When shipwrecked survivors of the ill-fated 1528 expedition of Pánfil de Narváez reached Malhado (or Isle of Misfortune), west of Galveston Island, they encountered friendly natives. One of the Spaniards, Alvar Núñez Cabeza de Vaca, reported that these coastal people provided food and shelter and otherwise treated them well. De Vaca lived and hunted with the Indians for several years, and his written accounts provided a treasure-trove of information. The swampy, mosquito-infested coastline of what would become Texas was home to bands of natives— Capoques (or Cocos), Kohanis, Kopanes and Carancaquacas (or Karankawas)— who spoke a common language and who became collectively known as the Karankawas. After de Vaca’s extended visit, it would be more than 150 years before any Europeans would again have contact with the Karankawas. Today only about 100 words of the long-extinct tribe’s language have been preserved.
Of course, other southern Indians, such as the Coahuiltecans and Tonkawas, knew the Karankawas before the Spaniards came along in the 16th century. Their name has been called a Choctaw translation for “maneater,” but other translations of “Karankawas” include “keepers of the dog” and “dog lovers.” Indeed, these natives raised and kept a breed of dog that had the characteristics of coyotes and foxes. A nomadic people who traveled by foot and dugout canoe, the Karankawas moved between the mainland and the barrier islands, and ate a wide assortment of food, including fish, shellfish, turtle, alligator, bear, deer, turkey, duck and rabbit. For hunting and warfare, they usually used the longbow and cedar arrows. Jean Louis Bernaldier, a French naturalist who observed Texas Indians in the 1820s, noted that the Karankawas even killed large fish with their arrows in the many bays and inlets along the Texas coast.
They supposedly engaged in cannibalistic rites but to what degree has never been established. Devouring the flesh of dead or dying enemies was not uncommon among Texas tribes. Apparently they were taller than their neighbors and their European visitors. In the 1960s and ’70s, archaeologists determined through excavation of skeletal remains that male Karankawas averaged at least 6 feet 6 inches tall and that females were rarely less than 6 feet tall. According to Cabeza de Vaca, they had large heads, multicolored splotches on their faces, tattoos on their bodies and “amazing physical prowess.” As they lived in a hot, humid climate, their clothing was scarce, the men wearing only breechcloths and the women knee-length grass skirts with no tops. In the 19th century, Texas Ranger Noah Smithwick called them “the most savage human beings” he had ever seen.
In 1685 explorer René Robert Cavelier, sieur de La Salle, led a French expedition in search of the Mississippi River and sailed into the heart of Karankawa country. His navigation far off course, La Salle reached an inlet at the mouth of the Brazos River that became known as Garcitas Creek, near Matagorda Bay. The explorer established an outpost there that he called Fort St. Louis in honor of the king of France. The Karankawas were not happy with the fort or the attitude of the intruders. After several Frenchmen stole a couple of native canoes, a Karankawa headman went to the fort and asked that the canoes be returned. He was refused. Assorted peace councils failed, and attacks from both sides became the daily routine. One day, near their village, Karankawas captured a few foraging Frenchmen. The Indians tied and staked their prisoners, sliced flesh from their bodies, roasted the meat and consumed it.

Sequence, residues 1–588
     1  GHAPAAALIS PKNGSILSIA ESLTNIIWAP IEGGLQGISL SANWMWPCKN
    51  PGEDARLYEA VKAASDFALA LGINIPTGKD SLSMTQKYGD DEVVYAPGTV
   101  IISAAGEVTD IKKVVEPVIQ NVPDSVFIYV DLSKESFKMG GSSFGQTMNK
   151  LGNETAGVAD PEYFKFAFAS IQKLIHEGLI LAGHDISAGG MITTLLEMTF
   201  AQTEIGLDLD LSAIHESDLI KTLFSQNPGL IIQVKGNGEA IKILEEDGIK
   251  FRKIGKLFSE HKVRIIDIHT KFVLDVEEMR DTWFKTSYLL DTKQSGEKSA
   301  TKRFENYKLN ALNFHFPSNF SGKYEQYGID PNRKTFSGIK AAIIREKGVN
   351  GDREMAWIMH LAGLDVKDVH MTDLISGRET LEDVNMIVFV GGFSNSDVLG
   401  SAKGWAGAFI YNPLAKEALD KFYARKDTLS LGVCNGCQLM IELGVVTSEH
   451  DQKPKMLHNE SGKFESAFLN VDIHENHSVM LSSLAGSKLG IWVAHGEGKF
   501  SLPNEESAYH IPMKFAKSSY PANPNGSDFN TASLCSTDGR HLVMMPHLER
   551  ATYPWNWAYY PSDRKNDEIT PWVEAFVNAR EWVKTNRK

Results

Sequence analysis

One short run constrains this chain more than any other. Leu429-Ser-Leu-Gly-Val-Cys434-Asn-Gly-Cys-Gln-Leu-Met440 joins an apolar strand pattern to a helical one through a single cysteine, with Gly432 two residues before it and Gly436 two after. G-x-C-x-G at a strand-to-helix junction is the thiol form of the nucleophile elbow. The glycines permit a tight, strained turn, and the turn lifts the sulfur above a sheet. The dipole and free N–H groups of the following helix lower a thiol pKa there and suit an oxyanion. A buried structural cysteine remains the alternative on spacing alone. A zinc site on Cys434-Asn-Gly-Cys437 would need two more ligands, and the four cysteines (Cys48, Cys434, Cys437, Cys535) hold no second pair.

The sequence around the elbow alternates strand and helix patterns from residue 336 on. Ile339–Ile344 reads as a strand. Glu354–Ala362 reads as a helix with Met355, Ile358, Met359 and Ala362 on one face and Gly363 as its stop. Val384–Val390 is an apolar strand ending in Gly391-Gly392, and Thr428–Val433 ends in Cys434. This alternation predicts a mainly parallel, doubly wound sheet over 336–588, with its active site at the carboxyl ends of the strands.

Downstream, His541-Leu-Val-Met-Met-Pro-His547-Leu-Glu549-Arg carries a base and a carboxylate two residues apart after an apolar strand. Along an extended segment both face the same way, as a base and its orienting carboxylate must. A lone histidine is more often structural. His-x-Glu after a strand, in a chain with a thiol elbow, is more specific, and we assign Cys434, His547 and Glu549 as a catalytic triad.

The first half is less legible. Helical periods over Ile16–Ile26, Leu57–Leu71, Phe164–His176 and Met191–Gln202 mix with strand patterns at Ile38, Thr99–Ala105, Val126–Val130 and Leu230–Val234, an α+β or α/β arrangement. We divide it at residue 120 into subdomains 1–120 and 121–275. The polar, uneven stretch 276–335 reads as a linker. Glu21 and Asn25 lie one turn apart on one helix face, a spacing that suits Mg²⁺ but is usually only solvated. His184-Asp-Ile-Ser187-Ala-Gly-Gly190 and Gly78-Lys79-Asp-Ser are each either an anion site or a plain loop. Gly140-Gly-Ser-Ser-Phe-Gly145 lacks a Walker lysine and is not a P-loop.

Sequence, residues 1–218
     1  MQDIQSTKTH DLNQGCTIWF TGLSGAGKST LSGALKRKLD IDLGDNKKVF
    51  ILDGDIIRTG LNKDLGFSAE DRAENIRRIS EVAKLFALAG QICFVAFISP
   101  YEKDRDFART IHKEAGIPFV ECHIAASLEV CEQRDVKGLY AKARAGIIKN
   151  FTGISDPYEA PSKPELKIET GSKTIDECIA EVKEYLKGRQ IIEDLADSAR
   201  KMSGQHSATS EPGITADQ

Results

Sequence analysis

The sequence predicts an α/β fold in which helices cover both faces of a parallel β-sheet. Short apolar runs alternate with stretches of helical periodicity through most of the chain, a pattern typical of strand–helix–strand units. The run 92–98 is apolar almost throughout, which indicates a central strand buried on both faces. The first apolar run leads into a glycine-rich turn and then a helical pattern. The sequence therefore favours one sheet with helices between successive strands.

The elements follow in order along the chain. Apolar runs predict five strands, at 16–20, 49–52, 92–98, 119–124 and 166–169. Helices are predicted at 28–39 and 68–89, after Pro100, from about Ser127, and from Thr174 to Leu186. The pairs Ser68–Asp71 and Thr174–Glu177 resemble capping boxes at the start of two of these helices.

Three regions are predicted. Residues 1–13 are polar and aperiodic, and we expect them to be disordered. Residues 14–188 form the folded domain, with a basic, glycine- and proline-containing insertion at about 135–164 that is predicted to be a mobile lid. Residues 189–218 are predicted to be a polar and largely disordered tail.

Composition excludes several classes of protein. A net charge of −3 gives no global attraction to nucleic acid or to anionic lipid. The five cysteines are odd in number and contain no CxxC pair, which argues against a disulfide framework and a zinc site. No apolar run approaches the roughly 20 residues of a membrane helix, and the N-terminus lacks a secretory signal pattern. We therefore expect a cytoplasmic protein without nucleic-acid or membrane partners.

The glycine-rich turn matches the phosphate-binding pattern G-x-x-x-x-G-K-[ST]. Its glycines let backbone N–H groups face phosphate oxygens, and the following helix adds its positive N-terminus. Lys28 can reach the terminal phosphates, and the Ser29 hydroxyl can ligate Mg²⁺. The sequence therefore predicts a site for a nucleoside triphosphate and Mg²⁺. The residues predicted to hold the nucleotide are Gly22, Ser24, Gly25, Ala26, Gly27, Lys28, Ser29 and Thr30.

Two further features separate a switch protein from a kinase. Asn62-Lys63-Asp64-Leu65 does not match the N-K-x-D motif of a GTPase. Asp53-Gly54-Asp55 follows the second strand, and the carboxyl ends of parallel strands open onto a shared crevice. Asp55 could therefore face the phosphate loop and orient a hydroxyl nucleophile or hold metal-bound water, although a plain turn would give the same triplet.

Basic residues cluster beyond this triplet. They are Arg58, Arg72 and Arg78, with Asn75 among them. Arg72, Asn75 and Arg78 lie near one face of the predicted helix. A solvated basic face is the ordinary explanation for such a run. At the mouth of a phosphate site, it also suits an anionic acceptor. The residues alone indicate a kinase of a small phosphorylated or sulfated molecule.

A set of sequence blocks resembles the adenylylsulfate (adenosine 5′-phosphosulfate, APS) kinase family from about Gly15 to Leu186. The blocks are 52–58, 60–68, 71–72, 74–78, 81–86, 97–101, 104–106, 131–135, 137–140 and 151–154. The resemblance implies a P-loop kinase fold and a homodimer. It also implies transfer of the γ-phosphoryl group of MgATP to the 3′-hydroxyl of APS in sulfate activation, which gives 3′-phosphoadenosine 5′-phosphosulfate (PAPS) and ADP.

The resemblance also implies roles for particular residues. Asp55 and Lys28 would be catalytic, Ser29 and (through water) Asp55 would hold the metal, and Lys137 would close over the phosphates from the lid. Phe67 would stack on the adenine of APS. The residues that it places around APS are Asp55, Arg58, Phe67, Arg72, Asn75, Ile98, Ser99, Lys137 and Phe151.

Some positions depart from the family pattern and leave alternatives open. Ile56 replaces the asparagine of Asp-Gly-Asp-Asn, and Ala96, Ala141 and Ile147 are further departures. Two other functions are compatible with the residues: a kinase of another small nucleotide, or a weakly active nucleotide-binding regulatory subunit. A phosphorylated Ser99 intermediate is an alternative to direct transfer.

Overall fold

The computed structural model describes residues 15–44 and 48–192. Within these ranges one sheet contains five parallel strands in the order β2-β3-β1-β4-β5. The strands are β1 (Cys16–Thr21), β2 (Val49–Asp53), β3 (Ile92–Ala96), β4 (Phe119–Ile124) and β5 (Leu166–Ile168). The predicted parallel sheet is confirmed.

This cannibalistic orgy led to retaliation by the French, who bombarded the village with “strong medicine”—cannons and muskets. The villagers beat a hasty retreat, but they had hardly given up the fight. Though poorly armed, the Karankawas also saw the limitations of the French muzzleloaders. By spreading a mixture of mud and fish oils over their bodies to repel insects, the natives were able to remain motionless when hiding during night fighting. The French had neither pacified the marsh dwellers nor befriended them. By mid-1687, the French were running short of critical supplies, so La Salle took many of his most able-bodied men north toward Canada to obtain gunpowder, medicines and other commodities. The other men were left at Fort St. Louis to guard the women and children and the sick; soon more than a few Indians contracted white man’s diseases, which proved deadly.
Suspecting treachery, the Karankawas attacked and destroyed Fort St. Louis, sparing only the lives of six children, who were taken captive. The attackers, fearing La Salle’s return, quickly pulled up their portable wigwams, or ba-aks, and moved to a new location. The French explorer never did return, but in the 1690s, Spaniards rescued some of the children, two of whom (Jean-Baptiste and Pierre Talon) were returned to France in 1698.